Thursday, 23 February 2012
the long and winding road....
Well, in theory I quite like poetry, anyway. In practice I barely read any at all. Perhaps it’s more truthful to say that although I have an idea that I quite like poetry, and I have a number of poetry books in my shelves, I don’t really spend anywhere near enough time reading them.
I have a few anthologies of various types as well as some William Blake, some George Herbert, a bit of TS Eliot (I absolutely love the description of the evening sky from “The Lovesong of J. Alfred Prufrock” as being “Like a patient etherized upon a table”), the usual Shakespeares and Chaucers of someone who did an English A-Level and various other bits and pieces.
I have'em, but I don't really read'em.
There is one poet that I keep coming back to though; one that does make me pick up a poetry book from time to time - Robert Frost. I won’t claim to be familiar in any great depth with his work, but I do find “The Road Not Taken” incredibly resonant and I find myself coming back to it more and more often.
It’s more than a decade ago now that a colleague of mine was diagnosed with breast cancer. I was working for a pretty small team at the time, and we all put together a scrapbook for her when she left the business to focus on getting well. Everyone wrote something into the book, and although I wasn't especially close to her, I found myself writing out the words to "The Road Not Taken".
The Road Not Taken.
Two roads diverged in a yellow wood,
And sorry I could not travel both
And be one traveler, long I stood
And looked down one as far as I could
To where it bent in the undergrowth;
Then took the other, as just as fair,
And having perhaps the better claim
Because it was grassy and wanted wear,
Though as for that the passing there
Had worn them really about the same,
And both that morning equally lay
In leaves no step had trodden black.
Oh, I marked the first for another day!
Yet knowing how way leads on to way
I doubted if I should ever come back.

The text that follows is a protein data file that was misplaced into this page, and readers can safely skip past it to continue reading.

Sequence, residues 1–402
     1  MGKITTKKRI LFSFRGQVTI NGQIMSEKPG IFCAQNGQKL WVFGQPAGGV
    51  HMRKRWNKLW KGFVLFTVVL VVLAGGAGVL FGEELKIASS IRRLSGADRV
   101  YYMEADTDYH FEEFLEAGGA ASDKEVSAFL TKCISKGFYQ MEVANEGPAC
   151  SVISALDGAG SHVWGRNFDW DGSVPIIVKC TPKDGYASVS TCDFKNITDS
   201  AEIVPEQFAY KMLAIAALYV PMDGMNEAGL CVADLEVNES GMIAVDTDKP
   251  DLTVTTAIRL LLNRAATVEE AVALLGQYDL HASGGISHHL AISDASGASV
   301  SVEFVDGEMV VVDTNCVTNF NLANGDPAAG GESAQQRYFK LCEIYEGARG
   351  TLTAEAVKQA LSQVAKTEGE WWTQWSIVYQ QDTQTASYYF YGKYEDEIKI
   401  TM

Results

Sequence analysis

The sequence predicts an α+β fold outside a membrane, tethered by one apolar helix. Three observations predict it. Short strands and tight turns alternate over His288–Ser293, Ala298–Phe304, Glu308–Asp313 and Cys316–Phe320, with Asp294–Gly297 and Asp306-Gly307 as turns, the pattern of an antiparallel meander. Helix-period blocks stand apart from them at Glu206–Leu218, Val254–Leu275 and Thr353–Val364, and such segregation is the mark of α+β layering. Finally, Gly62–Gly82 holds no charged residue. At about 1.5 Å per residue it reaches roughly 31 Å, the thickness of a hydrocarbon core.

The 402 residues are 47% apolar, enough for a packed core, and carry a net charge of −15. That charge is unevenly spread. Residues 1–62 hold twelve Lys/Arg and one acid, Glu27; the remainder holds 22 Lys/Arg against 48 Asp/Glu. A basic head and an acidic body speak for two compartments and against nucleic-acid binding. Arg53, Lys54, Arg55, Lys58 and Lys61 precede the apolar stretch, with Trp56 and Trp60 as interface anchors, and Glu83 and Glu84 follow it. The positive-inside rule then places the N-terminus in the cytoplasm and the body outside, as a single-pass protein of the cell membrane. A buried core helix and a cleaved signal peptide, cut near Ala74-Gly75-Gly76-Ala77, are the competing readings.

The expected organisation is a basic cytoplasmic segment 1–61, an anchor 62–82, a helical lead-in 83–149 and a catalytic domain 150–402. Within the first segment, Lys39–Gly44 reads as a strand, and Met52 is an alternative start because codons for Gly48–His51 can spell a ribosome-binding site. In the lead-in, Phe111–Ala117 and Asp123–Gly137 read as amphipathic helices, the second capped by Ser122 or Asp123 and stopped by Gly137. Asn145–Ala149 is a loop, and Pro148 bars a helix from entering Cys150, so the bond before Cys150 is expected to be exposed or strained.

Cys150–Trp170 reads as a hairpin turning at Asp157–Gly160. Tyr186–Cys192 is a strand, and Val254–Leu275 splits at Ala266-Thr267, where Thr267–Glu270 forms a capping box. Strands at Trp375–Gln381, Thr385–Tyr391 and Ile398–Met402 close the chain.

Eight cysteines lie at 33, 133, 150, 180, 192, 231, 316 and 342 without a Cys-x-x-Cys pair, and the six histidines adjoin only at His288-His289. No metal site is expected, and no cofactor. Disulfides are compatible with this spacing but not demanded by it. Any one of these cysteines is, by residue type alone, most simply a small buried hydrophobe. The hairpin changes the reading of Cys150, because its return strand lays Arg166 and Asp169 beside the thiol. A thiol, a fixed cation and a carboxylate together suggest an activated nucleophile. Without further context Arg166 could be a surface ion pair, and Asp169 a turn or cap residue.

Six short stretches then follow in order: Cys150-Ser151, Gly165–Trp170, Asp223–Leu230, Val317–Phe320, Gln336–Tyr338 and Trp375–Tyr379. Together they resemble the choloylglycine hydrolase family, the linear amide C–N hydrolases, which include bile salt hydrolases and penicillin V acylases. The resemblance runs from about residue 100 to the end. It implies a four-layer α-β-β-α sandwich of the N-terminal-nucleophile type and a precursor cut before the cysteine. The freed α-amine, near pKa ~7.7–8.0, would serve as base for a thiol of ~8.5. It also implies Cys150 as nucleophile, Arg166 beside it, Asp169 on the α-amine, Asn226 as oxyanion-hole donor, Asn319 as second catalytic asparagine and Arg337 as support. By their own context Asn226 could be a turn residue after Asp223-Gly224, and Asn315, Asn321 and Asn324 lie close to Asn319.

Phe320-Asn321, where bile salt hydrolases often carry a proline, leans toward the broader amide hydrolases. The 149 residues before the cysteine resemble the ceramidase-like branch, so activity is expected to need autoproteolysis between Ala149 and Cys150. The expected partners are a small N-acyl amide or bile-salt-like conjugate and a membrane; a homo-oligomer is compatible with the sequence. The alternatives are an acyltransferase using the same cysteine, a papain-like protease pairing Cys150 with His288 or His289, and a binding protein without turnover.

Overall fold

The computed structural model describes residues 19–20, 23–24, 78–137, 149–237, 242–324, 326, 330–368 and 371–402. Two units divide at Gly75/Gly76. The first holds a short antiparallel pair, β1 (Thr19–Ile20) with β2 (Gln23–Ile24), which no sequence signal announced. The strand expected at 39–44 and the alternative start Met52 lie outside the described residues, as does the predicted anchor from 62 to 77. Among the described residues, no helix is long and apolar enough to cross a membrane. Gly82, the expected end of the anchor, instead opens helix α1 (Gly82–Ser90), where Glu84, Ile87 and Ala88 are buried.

I shall be telling this with a sigh
Somewhere ages and ages hence:
Two roads diverged in a wood, and I,
I took the one less traveled by,
And that has made all the difference
I added at the bottom the words "Never regret the road your life didn't take". I don't know if that was appropriate or not - cancer is hardly a road you would choose to take, after all - but it felt like the right sentiment.
I think it's a lovely poem. I love the cadence of it, as much as anything, but it's that last bit that I'm drawn to. Of course, you can interpret it how you want, but although I'm hardly a glass-half-full kind of a guy, I like to think that the last stanza is said without regret. What would be the point of regretting a path your life didn't take? It might have made all the difference, but who is to know if that's a good or a bad thing? Besides, what are you going to do about it now?
I don't really have a personal motto or a mantra or a philosophy or anything like that, but if I did, it would be that: never regret the path your life didn't take. You can only go forwards, kiddo. It might be the road less travelled by, but right now it's the only road you've got.
And miles to go before I sleep,
And miles to go before I sleep.
Yeah, I love that one too.
Mind you, I also find poetry in the music of Iron Maiden, so what do I know?